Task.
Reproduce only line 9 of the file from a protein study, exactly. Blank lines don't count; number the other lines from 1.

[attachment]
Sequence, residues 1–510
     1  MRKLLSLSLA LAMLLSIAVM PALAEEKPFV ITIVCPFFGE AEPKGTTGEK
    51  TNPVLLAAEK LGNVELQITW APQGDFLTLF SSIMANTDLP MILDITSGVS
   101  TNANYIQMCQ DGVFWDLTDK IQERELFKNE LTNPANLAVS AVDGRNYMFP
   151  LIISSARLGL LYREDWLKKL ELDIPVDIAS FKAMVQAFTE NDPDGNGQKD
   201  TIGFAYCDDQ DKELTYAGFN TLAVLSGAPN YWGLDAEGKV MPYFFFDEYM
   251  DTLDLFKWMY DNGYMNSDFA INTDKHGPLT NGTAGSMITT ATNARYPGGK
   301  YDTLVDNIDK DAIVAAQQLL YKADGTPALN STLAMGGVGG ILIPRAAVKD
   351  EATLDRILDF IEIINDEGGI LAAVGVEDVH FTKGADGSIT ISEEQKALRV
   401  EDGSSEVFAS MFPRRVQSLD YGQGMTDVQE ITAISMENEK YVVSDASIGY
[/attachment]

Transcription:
   351  EATLDRILDF IEIINDEGGI LAAVGVEDVH FTKGADGSIT ISEEQKALRV